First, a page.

Math researcher Dan Meyer has found that since it takes a certain amount of time for each individual to "say hello, pay, say goodbye and clear out the lane" (an average of 41 seconds per person and three seconds for each item), the number of people is far more likely to affect the time checkout takes than the number of items they buy.
Help Out the Cashier
You can also speed up your time at the store by doing your part to help move things along. Robert Samuel, founder of line-waiting service Same Ole Line Dudes, suggested to the New York Times several ways shoppers can speed up the checkout process themselves: face the bar codes to the cashier; remove hangers when buying clothes; and consider "using the buddy system" for express line—splitting the items between a partner or friend to stay under the express limit.
One of the best ways to keep your spending under control is to think bigger picture. When you feel temptation to buy something that you likely do not need, stop and consider what your long-term goals and values. A series of studies in from psychologists Brandon Schmeichel of Texas A&M University and Kathleen Vohs of the University of Minnesota found that writing down these long-term priorities leads people to have more self-control when they face this kind of temptation or feel tired.
Focus on the Practical
Some of the most impulsive shopping decisions happen when you get caught up in a desire for immediate gratification. "If you think about how you're going to experience and enjoy the chocolate bar sold near the cash register, you're more likely to succumb," as Chernev told Scientific American. Better instead to approach shopping with a strictly practical mindset—what exactly you need and what purpose it's for.
Cut Costs of Online Deliveries
Delivery charges can add significant costs to your final bill if you aren't careful. There are a few smart ways you can get around these. Some stores offer free delivery if you spend over a certain amount or if you deliver to one of their stores rather than directly your house. Be sure to always search online for the name of the store and "free delivery coupon code"—you'll be surprised how often that works. Or just look for a shop that offers free shipping—something that's only become more common.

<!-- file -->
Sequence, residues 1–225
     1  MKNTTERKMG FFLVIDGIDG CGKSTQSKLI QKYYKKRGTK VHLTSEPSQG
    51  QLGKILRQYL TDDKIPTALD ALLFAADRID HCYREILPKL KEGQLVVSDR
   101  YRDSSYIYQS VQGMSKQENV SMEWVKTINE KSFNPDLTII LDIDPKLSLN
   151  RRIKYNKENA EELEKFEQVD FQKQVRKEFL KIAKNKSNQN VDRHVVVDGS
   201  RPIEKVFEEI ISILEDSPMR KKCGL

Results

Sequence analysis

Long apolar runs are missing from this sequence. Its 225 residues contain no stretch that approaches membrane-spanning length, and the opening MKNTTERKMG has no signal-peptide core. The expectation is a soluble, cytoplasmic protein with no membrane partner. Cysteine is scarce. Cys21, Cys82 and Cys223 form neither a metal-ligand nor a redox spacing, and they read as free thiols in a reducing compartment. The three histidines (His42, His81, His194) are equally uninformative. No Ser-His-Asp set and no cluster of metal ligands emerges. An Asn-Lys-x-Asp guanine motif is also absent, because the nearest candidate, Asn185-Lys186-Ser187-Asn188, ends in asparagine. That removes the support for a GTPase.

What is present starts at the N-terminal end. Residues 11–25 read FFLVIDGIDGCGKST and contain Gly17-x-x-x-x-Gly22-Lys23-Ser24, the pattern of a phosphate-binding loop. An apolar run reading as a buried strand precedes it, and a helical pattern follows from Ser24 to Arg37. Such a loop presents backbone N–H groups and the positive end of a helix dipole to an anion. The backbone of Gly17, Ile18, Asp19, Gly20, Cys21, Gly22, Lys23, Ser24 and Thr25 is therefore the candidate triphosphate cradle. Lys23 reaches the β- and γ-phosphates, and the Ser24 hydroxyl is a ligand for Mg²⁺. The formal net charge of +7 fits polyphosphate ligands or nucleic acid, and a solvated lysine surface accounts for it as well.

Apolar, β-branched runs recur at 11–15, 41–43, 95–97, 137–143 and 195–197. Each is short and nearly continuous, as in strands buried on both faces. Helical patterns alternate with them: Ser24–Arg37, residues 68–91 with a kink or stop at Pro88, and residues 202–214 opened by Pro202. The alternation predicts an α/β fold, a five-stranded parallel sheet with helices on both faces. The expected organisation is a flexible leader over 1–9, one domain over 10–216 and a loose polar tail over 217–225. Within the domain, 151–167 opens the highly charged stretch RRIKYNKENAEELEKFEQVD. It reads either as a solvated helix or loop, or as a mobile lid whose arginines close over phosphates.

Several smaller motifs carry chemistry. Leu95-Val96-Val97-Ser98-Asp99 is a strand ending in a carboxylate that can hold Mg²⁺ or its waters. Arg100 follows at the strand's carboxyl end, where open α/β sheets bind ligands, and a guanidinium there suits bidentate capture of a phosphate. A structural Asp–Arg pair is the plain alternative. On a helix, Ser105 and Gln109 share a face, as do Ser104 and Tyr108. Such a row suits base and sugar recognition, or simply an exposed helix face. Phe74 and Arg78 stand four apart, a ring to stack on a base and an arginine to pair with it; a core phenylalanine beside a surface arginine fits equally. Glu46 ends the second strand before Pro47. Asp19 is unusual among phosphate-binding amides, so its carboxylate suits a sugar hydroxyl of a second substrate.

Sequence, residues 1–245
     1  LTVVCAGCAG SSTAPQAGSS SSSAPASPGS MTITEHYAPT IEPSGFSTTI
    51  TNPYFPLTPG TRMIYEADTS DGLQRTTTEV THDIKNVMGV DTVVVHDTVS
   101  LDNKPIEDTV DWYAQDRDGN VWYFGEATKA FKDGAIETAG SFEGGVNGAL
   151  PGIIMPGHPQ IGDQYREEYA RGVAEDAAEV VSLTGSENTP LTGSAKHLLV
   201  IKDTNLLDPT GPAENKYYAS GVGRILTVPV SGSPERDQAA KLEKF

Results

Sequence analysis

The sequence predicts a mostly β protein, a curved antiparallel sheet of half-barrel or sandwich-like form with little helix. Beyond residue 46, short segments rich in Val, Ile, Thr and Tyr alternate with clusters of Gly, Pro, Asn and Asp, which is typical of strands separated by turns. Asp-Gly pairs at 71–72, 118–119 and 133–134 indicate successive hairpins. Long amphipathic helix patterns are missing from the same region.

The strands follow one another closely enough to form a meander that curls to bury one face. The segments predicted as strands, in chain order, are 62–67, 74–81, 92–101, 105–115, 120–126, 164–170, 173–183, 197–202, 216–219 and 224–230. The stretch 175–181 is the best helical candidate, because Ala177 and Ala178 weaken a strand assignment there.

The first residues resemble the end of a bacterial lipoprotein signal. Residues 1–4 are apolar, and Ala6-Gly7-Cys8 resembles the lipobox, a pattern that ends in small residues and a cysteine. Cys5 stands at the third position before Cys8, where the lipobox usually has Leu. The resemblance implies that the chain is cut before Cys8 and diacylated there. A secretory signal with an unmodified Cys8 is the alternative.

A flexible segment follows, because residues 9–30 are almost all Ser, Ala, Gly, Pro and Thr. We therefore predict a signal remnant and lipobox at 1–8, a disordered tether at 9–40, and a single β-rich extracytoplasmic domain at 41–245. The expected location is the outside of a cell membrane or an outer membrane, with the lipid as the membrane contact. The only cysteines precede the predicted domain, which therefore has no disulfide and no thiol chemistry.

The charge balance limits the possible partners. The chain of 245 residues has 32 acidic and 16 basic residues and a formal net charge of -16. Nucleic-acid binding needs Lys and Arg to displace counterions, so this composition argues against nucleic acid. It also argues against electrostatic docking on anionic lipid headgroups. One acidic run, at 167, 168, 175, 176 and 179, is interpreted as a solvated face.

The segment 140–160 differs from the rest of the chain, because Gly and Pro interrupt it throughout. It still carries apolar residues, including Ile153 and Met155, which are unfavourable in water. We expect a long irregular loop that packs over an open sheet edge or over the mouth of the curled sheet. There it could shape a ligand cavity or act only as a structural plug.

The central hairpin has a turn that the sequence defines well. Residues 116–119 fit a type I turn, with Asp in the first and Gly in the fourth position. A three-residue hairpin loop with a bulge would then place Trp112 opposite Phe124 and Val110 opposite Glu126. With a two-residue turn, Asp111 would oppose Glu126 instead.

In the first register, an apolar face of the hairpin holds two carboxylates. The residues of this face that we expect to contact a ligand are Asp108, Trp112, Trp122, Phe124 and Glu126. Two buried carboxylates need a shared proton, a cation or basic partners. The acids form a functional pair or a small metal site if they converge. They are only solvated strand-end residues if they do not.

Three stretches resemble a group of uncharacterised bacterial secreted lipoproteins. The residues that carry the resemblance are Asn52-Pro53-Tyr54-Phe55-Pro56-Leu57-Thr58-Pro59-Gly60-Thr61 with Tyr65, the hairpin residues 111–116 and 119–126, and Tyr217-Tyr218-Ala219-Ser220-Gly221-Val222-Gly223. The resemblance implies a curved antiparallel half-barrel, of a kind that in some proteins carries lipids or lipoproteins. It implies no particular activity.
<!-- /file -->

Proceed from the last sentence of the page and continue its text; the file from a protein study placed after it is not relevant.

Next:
Take a Deep Breath
Seriously. Many irresponsible shopping decisions are made in a passing moment of excitement or anxiety, where the shopper gets overcome with the feeling that they must make a purchase or they will regret it. These feelings can often be put in perspective with nothing more than a few deep breaths, helping clear your head and get you thinking more rationally about whether you really need what you're convincing yourself you need to buy.
Be sure to join the loyalty programs for your favorite stores, which can offer all kinds of discounts, deals, and special offers that make it well worth it to put up with the occasional marketing email. But remember, you don't have to join them all: these benefits can run the gamut and you should do your research on which programs offer the best ones.
But Don't Get Locked in By It
While joining loyalty programs has its advantage, you don't want to be loyal to the point that it gives you tunnel vision and you don't look at what sales and offers you can get from your favorites brands' competitors. Keep an eye on what the other stores are offering and don't be afraid to shop around, even if it means missing out on accruing points.
Especially for big-ticket items like furniture or outdoor equipment, buying brand new often just doesn't make sense. You can often find items by big-name brands for a fraction of their usual cost and often still in great condition.
Google, Google, Google
Before you pull the trigger on a purchase, check how much it's going for elsewhere by doing a search on Google. While you're there, type the company name and "coupon code" into the search field, too. You never know what might pop up.
Don't Go to the Grocery Store Hungry
Yes, the age-old advice is still wise. You are much more likely to buy more than you'll actually be able to eat and the kind of impulsive snacks and junk food that you probably don't need when you're at the store on an empty stomach. Eat before you shop.